WASHINGTON — Early last year, hackers launched a cyberattack against the state of Michigan’s main website to draw attention to the Flint water crisis. In May, they targeted North Carolina government websites to protest a controversial state law requiring transgender people to use bathrooms that match the sex on their birth certificate. And in July, they took aim at the city of Baton Rouge, Louisiana’s website after the fatal police shooting of a black man.
It’s called “hacktivism,” a blend of hacking and activism for a political or social cause, and state and local governments are increasingly finding themselves targets. Unlike cybercriminals who hack into computer networks to steal data for the cash, most hacktivists aren’t doing it for the dollars. They’re individuals or groups of hackers who band together and see themselves as fighting injustice.
“It’s digital disobedience. It’s hacking for a cause,” said Dan Lohrmann, chief security officer for Security Mentor, a national security training firm that works with states.
Hacktivists have gone after everyone from foreign governments and corporations to drug dealers and pedophiles. Police departments, hospitals, small towns, big cities and states also have come under attack.
Online activists have successfully frozen government servers, defaced websites, and hacked into data or email and released it online.
“Some take this as being harmless and think it’s another form of protest,” said Doug Robinson, executive director of the National Association of State Chief Information Officers. “But it can be highly disruptive. It’s criminal trespassing.”
Robinson said he has seen a “significant growth” in the number and severity of hacktivist attacks on state and local governments in the past five years. For the public, it can mean being unable to log on to government websites to get information or conduct business. And for taxpayers, it can mean having to pick up the tab for staff time and additional technology needed to combat such attacks.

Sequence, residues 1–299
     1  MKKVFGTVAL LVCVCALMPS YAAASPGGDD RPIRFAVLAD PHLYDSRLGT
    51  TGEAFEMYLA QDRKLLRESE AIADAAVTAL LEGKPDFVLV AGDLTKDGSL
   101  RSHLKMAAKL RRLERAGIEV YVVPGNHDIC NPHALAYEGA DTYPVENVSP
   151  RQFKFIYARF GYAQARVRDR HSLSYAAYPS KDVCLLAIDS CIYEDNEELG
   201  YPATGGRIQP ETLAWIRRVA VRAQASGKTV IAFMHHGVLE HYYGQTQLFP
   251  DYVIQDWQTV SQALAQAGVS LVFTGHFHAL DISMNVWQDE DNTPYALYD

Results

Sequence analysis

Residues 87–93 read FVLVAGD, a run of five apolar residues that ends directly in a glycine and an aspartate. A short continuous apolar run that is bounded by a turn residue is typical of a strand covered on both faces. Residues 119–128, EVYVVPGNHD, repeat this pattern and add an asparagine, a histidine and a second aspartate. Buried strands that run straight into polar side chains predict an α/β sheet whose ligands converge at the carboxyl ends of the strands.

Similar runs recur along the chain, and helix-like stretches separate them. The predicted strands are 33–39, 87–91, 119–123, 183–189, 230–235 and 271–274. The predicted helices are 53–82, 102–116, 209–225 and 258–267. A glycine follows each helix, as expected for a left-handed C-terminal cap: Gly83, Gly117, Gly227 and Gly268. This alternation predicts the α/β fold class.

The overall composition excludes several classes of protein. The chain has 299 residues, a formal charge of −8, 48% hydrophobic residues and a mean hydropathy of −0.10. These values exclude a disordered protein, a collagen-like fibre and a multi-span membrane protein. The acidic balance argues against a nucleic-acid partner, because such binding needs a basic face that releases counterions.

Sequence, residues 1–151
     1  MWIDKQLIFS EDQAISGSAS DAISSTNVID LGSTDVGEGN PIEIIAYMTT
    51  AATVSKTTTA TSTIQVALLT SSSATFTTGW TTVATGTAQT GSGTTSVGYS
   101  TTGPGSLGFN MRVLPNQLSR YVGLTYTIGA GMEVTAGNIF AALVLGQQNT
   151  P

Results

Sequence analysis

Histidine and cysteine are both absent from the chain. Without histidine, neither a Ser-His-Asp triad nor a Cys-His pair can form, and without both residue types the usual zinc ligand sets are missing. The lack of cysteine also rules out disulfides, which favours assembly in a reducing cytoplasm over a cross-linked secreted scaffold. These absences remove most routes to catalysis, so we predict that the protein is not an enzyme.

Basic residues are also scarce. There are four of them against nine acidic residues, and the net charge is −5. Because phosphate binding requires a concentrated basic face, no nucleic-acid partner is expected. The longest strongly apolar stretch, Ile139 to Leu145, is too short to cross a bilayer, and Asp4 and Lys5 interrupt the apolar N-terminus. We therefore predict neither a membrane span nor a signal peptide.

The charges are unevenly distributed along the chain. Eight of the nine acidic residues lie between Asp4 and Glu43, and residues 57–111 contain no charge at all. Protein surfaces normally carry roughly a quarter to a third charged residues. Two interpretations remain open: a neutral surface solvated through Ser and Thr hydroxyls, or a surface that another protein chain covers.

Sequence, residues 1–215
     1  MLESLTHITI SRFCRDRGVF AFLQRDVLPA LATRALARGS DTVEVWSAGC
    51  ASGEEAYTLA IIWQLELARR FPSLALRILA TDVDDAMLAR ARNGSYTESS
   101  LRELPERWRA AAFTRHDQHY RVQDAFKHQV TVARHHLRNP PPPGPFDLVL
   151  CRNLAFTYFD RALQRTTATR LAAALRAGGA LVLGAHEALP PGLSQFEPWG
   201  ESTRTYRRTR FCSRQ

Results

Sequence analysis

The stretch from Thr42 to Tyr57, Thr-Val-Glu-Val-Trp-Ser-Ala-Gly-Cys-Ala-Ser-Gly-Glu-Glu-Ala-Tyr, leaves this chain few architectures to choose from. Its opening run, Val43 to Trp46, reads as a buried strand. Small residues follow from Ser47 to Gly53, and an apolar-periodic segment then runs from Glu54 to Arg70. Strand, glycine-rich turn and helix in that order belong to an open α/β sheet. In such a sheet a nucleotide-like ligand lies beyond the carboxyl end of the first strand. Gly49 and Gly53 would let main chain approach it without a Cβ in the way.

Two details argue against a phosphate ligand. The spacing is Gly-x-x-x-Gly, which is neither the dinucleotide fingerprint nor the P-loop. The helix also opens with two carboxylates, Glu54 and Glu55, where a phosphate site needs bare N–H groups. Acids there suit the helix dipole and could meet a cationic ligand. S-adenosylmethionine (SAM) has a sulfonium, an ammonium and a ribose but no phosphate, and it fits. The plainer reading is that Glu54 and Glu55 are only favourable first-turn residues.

When Baltimore was rocked by protests over Freddie Gray’s death from injuries sustained while in police custody in April 2015, for example, hacktivists knocked out the city’s main website that gives the public information about government services for at least 16 hours.
“Hacktivists are almost like vigilantes. They’re looking to disrupt,” said Brian Calkin, a vice president of the Multi-State Information Sharing and Analysis Center, a federally funded group that tracks cybersecurity issues for states and local governments.
Calkin said his group tracked 65 hacktivist incidents involving state and local governments in 2015; the number jumped to 160 last year. And a 2014 survey of state information technology security officials listed hacktivism as one of their top three cyber concerns.
“Hacktivism is becoming more and more of a serious issue,” said Srini Subramanian, a state cybersecurity principal at the consulting firm Deloitte & Touche LLP.
Subramanian said hacktivists don’t just want to disrupt services; they also want to undermine public trust. “That is what is going to move the hacktivists to continue to do this.”
Hacktivists are an amorphous group. While some may be individuals unhappy with a perceived social injustice, many are linked to loosely associated networks such as Anonymous, a major hacktivist group responsible for attacking government, corporate and religious websites.
Anonymous describes itself on its website as a “relatively small vigilante cyber group” that has “expanded and transformed into a continuation of the Civil-Rights movement.”
Hacktivists use various tools: Sometimes, they hack into private email or confidential records and make them public. Sometimes, they compile personal information about targets such as police officers from the internet or government record breaches and post it online, which is called “doxing” (a derivative of “docs,” slang for documents). The information can include a person’s home address, phone number and even the names of his children. Hacktivists see it as transparency; security experts see it as harassment.